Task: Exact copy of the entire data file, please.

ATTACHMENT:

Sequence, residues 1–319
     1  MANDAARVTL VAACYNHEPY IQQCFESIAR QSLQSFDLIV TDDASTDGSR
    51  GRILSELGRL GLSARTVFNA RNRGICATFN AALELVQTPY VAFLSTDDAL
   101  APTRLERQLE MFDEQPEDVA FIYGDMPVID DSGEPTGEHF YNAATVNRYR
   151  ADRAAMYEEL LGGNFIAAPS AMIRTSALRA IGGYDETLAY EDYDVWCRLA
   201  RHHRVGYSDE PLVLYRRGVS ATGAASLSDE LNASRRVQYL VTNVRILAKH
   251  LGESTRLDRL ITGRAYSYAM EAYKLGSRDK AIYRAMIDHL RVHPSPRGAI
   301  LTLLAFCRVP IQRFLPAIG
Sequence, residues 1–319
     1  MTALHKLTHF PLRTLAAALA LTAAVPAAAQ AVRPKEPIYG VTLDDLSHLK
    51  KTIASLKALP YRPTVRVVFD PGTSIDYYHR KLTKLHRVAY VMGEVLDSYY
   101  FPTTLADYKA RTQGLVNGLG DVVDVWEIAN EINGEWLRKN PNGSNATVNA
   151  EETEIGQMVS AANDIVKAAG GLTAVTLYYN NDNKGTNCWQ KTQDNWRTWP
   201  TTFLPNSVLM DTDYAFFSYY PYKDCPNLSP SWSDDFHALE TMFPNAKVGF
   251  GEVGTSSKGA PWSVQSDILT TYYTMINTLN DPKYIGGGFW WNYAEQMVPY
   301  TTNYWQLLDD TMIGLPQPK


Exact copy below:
Sequence, residues 1–319
     1  MANDAARVTL VAACYNHEPY IQQCFESIAR QSLQSFDLIV TDDASTDGSR
    51  GRILSELGRL GLSARTVFNA RNRGICATFN AALELVQTPY VAFLSTDDAL
   101  APTRLERQLE MFDEQPEDVA FIYGDMPVID DSGEPTGEHF YNAATVNRYR
   151  ADRAAMYEEL LGGNFIAAPS AMIRTSALRA IGGYDETLAY EDYDVWCRLA
   201  RHHRVGYSDE PLVLYRRGVS ATGAASLSDE LNASRRVQYL VTNVRILAKH
   251  LGESTRLDRL ITGRAYSYAM EAYKLGSRDK AIYRAMIDHL RVHPSPRGAI
   301  LTLLAFCRVP IQRFLPAIG
Sequence, residues 1–319
     1  MTALHKLTHF PLRTLAAALA LTAAVPAAAQ AVRPKEPIYG VTLDDLSHLK
    51  KTIASLKALP YRPTVRVVFD PGTSIDYYHR KLTKLHRVAY VMGEVLDSYY
   101  FPTTLADYKA RTQGLVNGLG DVVDVWEIAN EINGEWLRKN PNGSNATVNA
   151  EETEIGQMVS AANDIVKAAG GLTAVTLYYN NDNKGTNCWQ KTQDNWRTWP
   201  TTFLPNSVLM DTDYAFFSYY PYKDCPNLSP SWSDDFHALE TMFPNAKVGF
   251  GEVGTSSKGA PWSVQSDILT TYYTMINTLN DPKYIGGGFW WNYAEQMVPY
   301  TTNYWQLLDD TMIGLPQPK